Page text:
Europe's 15-Headed Diplomat Tries to Face the World as One
But EU often gets stage fright when places like Bosnia or Albania erupt
As Albania descended into anarchy in the past few weeks, foreign ministers throughout Europe found themselves hopelessly divided. The French and Italians wanted to send in troops to stabilize the explosive situation in their backyard. The British and Germans did not see a clear military mission.
The upshot? Just as in the former Yugoslavia a few years back, little got done. Finally, last Friday, an ill-defined force was approved by the United Nations using European soldiers. It will be dispatched to Albania, but its mission remains limited to distributing aid, and most observers doubt whether it will be strong enough to restore political stability.
The delay underlines the weakness in Europe's supposedly common foreign policy. Unable to find unanimity among its 15 members, the European Union (EU) often ends up waffling or waiting for the UN or the United States to take charge. "You can't run a foreign policy by consensus," complains Guillaume McLaughlin of the European Policy Center in Brussels. "New institutions are needed."
At a meeting in Amsterdam this June, European leaders will decide whether to name a "Mr. Foreign Policy" (or "Ms. Foreign Policy") for the first time and whether to sometimes take action based on only a majority, rather than a unanimous, vote.
After seeing the success of US Special Envoy Richard Holbrooke in brokering a peace deal in Bosnia in 1995, the EU has begun naming a series of "special envoys" to carry its banner into conflict zones.
Former Swedish Prime Minister Carl Bildt, now in Bosnia, remains the best known. But other envoys, such as Ireland's Kester Heaslip in Cyprus and Spain's Miguel Angel Moratinos in the Middle East, may be even more influential. Recently Mr. Moratinos helped use economic power - the EU is the Palestinians' leading aid donor - to push Yasser Arafat to sign the Hebron accord.
In Cyprus, "The Americans can put pressure on the Turks, but we are the only ones who can bring the Greek Cypriots to the table," says Lousewies van der Laan, an adviser to one of the EU's foreign affairs commissioners. "That's because the [Greek Cypriots] want desperately to join the European Union."
US diplomats say the coordination with the new European envoys has proved better than expected. "We share the same goals across the board," says one US diplomat. "We just sometimes disagree on tactics." One disagreement is on Iran, which the US wants to isolate but with which Europe pursues a "critical dialogue" - to Washington's annoyance.
What worries the US more are the vacillations of its European partners. When Greece and Turkey threatened war a few years ago over Cyprus, the Europeans couldn't agree on how to respond. Mr. Holbrooke accused them of "sleeping through the night."
He was not the first American to express frustration. Former Secretary of State Henry Kissinger supposedly once posed the question "When I want to speak to Europe, whom do I call?"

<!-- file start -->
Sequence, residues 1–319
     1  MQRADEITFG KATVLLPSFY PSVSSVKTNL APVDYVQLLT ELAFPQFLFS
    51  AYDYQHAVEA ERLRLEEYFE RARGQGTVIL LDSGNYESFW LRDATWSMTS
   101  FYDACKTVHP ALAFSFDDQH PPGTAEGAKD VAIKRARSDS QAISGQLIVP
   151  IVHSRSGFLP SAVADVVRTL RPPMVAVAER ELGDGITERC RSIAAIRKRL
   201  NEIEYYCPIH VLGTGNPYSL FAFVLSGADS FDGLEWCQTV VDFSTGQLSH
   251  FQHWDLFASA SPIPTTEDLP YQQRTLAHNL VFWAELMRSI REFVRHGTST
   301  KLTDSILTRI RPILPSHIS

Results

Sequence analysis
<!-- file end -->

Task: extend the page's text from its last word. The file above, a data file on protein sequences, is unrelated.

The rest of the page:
"We're looking increasingly to the European Union as a global partner, and when the union speaks with one voice, given its financial resources, [it] can have an important impact in a lot of regions such as the Middle East, Bosnia, and Cyprus," says the US diplomat. "The problem is that the union's foreign-policy mechanism, dependent on getting a consensus among 15 countries, isn't always coherent or timely."
The crisis in former Yugoslavia, which boggled the EU until the US took charge, "showed us just how essential some sort of common foreign policy is," McLaughlin agrees. "We need diplomatic weight equal to our economic weight."
The Europeans lack a truly combined military force. In theory, Brussels can call on the Western European Union (WEU), which can borrow troops from member countries, including a special French-German Eurocorps. In practice, the WEU could only act in agreement with NATO, an organization that includes the US and Canada and doesn't include several EU members such as Finland, Austria, and Ireland.
Even more debilitating, the EU has no central political leadership. Its executive body, the European Commission, divides foreign-policy responsibility among five commissioners. Even then, the commission only forms a third of a foreign-policy troika along with two national foreign ministers, who rotate every six months.
Numerous reform proposals are being floated. The French would like to appoint a single chief diplomat. They have proposed former French President Valry Giscard d'Estaing for the post. This official would coordinate work of the special envoys and would build a powerful planning center for Europe's separate foreign ministries and the European Commission.
But almost as soon as these ideas were floated, a backlash set in. The commission, not wanting to see its power usurped, called for a more malleable senior civil servant for the new post. In some capitals a worry set in that the French wanted to hijack European foreign policy.
Proposals to increase the use of majority voting also are floundering. Britain and other Euroskeptics refuse to give up any of their foreign-policymaking sovereignty. Even Euro-optimists like France worry about their influence on the world stage diminishing. Moreover, majority voting might be dangerous if it papered over deep divisions among members.